Oh Cedar, My Cedar

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Status: In Progress  |  Genre: Fantasy  |  House: Booksie Classic
Can a tree know its fate?

Submitted: January 22, 2017

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Submitted: January 22, 2017



Oh Cedar, My Cedar

by Michael Bussa




Oh Cedar, my Cedar, standing tall on the green. You reach for the skies to proclaim that you are – and will always be – there. Can a tree know its fate? Your season has come, an old soul that Spring. You prick up your needles to protect the new as they grow, quickly. How fresh and young you look again when the rains come to beat down your limbs. You are unmoved. And the winds rush in and whirl around you and rip at your needles and tear at your trunk with a vortex becoming stronger and more vicious with each circle, not once, but many times in the season – and you are unmoved.


Oh Cedar, my Cedar, you are stronger for having beaten him. You're stronger and greener and still more youthful. But as you have seen for over four hundred seasons, or more, the old souls do not move away on their own. They are pushed on by the next and you know what's in store.


Oh Cedar, my Cedar, be prepared for what is next. For none knows as you the long, dry Summer. He pushed in abruptly this time. If Spring had a face then Summer surely slapped it as he barged in unannounced. Gone were the rains and the cool breezes as Summer bore down without cloud, searing and burning, day after day, week after week. You stood proud and green and you were smart to hold your water. Let the day be one hundred degrees, you proclaimed, for you were prepared. You sipped your water and bore the radiant sun for months. You are unmoved. 


Oh Cedar, my Cedar, you shamed ole' Summer – you beat him, you did. But as you know there is another that follows. You look to the others around you as they transition their colors to reds, browns and yellows, of one shade or another. Not you. You stand proud and green and fresh like a giant sapling. Fall was never brutal as the others could so often be. He offered time to reflect, to connect, to belong to the rest of the forest. You are different, my Cedar. You arc and nod while the gentle breezes grow colder as weeks pass, as if to say goodnight to the others who sleep until Spring. But the arrival of another carries a familiar battle and he will most certainly come.


* * *


Oh Cedar, my Cedar, he burst upon you fiercely that night. That old bastard Winter. You woke to find two feet of snow burdening your limbs, weighting and tiring you, and your pride. How dare he? Does he not know how much older he is than you? You are determined, my Cedar. He starts with biting winds and your delicate needles cry. You comfort and assure them as the winds grow savage and colder with each passing day. Winter unloads another three feet of snow, then warms. The rains make heavy that cold, wet, blanket. You stand proud and hold your cries as you lose two limbs. You are unmoved.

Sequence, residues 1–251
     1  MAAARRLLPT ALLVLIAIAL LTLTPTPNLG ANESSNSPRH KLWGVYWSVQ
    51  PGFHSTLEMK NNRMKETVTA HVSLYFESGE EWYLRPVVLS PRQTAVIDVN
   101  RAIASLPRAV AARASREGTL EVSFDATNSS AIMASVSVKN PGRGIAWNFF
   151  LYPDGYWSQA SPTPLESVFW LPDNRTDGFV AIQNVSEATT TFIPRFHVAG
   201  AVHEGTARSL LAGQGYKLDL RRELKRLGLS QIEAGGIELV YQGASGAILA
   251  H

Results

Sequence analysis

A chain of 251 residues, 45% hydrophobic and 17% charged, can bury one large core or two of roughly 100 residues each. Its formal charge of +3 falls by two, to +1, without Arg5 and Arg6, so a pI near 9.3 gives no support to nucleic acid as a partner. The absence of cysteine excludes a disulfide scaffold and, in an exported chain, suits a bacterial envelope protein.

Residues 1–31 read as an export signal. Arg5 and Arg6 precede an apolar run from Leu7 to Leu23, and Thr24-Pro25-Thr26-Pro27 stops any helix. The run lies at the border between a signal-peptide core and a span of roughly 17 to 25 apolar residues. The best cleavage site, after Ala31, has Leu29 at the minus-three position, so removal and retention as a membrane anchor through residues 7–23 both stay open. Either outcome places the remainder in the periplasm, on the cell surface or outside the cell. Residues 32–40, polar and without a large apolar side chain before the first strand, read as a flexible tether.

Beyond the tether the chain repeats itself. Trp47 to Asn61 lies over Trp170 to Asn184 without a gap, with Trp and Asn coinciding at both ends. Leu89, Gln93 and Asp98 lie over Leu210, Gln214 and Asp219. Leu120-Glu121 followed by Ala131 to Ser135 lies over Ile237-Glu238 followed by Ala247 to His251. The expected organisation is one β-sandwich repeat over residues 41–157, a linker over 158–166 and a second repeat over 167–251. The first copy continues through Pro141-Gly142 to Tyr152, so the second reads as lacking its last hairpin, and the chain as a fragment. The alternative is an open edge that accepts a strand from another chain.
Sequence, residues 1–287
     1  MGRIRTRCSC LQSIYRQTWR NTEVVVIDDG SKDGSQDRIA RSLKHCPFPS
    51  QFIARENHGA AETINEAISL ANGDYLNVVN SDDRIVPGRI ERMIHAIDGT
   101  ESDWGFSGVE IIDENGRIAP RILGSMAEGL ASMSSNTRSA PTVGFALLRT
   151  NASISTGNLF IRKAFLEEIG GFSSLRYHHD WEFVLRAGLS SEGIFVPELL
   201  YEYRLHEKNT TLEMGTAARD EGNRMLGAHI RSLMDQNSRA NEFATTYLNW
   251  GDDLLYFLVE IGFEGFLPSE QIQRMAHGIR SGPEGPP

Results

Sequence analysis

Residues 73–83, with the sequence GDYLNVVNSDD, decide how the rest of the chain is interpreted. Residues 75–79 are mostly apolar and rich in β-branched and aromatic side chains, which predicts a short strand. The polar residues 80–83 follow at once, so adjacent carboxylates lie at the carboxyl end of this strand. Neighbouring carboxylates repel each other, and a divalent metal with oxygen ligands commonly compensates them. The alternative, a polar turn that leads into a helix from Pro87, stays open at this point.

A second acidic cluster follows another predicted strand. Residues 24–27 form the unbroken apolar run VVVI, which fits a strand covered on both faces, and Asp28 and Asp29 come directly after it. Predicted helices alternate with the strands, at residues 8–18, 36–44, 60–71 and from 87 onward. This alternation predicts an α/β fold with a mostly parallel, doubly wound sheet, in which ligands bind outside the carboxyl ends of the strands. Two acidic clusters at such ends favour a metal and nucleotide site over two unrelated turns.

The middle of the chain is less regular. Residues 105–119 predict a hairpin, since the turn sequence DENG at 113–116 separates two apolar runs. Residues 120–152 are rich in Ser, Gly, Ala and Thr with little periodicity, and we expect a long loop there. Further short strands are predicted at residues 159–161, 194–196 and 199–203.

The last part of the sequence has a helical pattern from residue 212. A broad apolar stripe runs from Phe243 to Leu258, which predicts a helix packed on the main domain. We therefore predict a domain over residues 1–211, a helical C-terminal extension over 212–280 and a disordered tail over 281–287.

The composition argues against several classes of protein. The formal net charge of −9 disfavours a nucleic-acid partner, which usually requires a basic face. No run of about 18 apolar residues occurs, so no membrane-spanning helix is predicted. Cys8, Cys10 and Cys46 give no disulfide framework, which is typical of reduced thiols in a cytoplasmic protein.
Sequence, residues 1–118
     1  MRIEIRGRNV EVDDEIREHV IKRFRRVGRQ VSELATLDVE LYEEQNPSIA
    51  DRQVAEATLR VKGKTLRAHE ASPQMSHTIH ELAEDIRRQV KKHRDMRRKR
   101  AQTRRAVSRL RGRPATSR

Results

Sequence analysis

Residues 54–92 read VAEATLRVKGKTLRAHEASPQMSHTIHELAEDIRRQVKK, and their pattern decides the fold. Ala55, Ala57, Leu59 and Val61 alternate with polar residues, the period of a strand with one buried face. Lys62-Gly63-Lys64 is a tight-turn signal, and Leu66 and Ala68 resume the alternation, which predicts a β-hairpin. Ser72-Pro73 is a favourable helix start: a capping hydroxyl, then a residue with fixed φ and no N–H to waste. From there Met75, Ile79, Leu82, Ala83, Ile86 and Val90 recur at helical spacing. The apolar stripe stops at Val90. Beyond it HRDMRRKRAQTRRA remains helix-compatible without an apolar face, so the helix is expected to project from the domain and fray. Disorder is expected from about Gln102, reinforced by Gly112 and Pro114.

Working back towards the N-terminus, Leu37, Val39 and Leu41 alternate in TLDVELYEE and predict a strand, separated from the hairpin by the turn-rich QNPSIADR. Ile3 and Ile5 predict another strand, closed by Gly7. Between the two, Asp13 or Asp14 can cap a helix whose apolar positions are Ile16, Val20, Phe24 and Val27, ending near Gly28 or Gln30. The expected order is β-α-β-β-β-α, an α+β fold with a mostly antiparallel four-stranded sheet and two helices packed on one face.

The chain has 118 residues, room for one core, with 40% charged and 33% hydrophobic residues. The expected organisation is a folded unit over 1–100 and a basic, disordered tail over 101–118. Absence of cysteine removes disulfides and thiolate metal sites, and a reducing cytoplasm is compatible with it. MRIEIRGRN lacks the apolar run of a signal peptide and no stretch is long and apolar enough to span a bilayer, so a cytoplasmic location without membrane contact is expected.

Winter lowers his temperature and freezes the rain and it's unbearable for the first time in all of your days. Once again, you hold back the cries when another limb falls to the crusted snow beneath. You can do it, my Cedar. You have always made it.

The months of brutal winds and cold came to an end and you have endured the thrashing of your lasting life. Somehow you knew that you would stand through it all. You are the Dorian Grey of the forest. You'll never age – never die. You bob and you flex in the early March winds as if to tell us that you have withstood another merciless year and the old souls will never beat you – and you are right. For as March breezed in, calmly this time, you looked down to the ground around your trunk – what's that? Oh, no.


* * *



The lumber jack stood four feet from old Cedar. He patted its trunk and smiled as he looked up at its height. He licked his finger and held it up to the wind. This is my beauty, he proclaimed in thought. He drew the axe back til it was behind him, then, with all he could muster he swung it around his barrel-chested body and drove it into the trunk. Cedar finally cried out as the axe hit its target. Had he endured hundreds of seasons of storms, drought, snow, and ice, for this?

Oh Cedar, my Cedar, alas, you cannot win a battle with an enemy you do not know, for how will you fight? Once again, the man swung the axe, burrowing into the same spot when chunks of Cedar began falling to the ground. He continued chipping and hacking away at the trunk, and the chips fell as

Cedar screamed out. The man was relentless and he grew tired. He stopped only briefly to wipe the sweat, then continued, when all of a sudden came a resounding “CRACK!”


Oh Cedar, my Cedar, cry out, that he will hear you and stop. Cry loudly, Cedar, scream if you must! And he did. Cedar cried and screamed, then he whaled and moaned, but the man kept chopping. He cried so hard that another limb fell. In that moment was another sound of cracking, followed by splintering, then several more. The man looked up, then moved quickly to the right, and yelled, "TIMBER!”, and Cedar was no more.







© Copyright 2018 Michael Bussa. All rights reserved.

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